Wednesday, March 24, 2021

MA State News: "Should we still call it ‘commuter’ rail?"; uncertainty in the vaccine numbers

"Should we still call it ‘commuter’ rail?" 

"The MBTA is launching a fairly radical change to its commuter rail operations on April 5, running fewer trains at the traditional morning and evening peaks and spreading service out at regular intervals over the course of the day – what some call regional rail.

On the Framingham-Worcester line, trains currently depart from Worcester for Boston at 5:30 a.m., 7 a.m., and 8:50 a.m. and then run at roughly two-hour intervals the rest of the day. Under the new approach starting April 5, the first train from Worcester will depart  at 4:15 a.m., the next train at 5 a.m., and then trains will depart every hour on the hour for the rest of the day until 7 p.m. The three late-night trains will depart at 8:20, 9:20, and 10:20.

 The idea behind the scheduling experiment is that COVID has disrupted ridership patterns. No one is quite sure what riders will want in the future, but the feeling is that they will no longer rigidly commute into work in the morning and return in the evening. They want more flexibility and greater frequency. And they want schedules that are easy to remember."
Continue reading the article online

"Uncertainty abounds in vaccine eligibility numbers"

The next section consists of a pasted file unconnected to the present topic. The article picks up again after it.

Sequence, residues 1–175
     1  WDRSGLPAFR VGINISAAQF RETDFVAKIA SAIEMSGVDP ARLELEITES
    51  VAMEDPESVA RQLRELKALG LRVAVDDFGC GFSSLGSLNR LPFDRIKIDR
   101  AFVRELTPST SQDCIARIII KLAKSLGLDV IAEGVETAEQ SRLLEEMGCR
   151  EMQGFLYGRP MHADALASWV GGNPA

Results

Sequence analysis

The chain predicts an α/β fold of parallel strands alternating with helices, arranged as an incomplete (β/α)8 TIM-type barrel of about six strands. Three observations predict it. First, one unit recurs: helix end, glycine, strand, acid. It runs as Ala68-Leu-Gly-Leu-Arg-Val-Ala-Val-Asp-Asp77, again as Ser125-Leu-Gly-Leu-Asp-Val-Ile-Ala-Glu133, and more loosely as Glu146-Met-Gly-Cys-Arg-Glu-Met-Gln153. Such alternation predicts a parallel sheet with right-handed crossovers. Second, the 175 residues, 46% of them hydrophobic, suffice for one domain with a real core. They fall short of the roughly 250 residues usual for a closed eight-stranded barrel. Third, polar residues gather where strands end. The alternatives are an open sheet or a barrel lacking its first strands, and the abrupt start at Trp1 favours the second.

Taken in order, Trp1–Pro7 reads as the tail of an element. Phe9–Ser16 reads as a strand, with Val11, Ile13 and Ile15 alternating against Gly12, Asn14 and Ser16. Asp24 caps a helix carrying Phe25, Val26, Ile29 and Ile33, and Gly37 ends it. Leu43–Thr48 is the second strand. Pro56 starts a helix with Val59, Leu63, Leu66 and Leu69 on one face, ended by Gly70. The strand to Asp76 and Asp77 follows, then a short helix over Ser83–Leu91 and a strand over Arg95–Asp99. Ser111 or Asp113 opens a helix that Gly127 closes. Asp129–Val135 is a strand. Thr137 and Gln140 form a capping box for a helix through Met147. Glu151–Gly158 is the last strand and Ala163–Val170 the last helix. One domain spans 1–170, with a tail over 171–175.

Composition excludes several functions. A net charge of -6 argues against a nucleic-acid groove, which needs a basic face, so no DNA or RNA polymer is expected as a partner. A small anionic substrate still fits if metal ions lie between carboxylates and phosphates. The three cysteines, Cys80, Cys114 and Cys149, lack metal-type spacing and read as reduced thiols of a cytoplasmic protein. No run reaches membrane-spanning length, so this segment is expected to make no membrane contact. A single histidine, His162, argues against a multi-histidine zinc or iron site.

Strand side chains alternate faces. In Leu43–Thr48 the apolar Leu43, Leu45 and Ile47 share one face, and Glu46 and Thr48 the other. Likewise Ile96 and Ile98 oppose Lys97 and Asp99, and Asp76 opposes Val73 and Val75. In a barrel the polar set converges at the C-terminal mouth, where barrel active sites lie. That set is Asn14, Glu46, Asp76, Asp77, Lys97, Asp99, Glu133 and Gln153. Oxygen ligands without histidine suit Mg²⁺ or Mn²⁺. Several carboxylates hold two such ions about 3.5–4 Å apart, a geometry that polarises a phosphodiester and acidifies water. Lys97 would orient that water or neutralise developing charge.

"WHEN THE MASSACHUSETTS COVID-19 Command Center calculates how many people are eligible for vaccinations in each of the state’s three phases, there’s a problem: The total number is 1 million more adults than actually live in the state.

The main reason is that the state is double counting many individuals in these estimates.

As a result, while the Command Center has said an estimated 2.55 million people could become eligible for vaccinations in the final group – generally healthy people between ages 16 and 55 who are not essential workers – the uncertainty in the numbers raises the possibility that the final group may be smaller than expected."
Continue reading the article online

Note: This another symptom of the lack of a fully integrated and functioning public health infrastructure. The Commonwealth has various sources of data about the population (voter records, driver licenses, tax records, etc.) yet they lack the cohesiveness of a central repository of our population so we could know our count and categorizations without double counting. The repository would drive the planning already done by the local departments of health to enable the timely and accurate delivery of a vaccine or anything health related to all.

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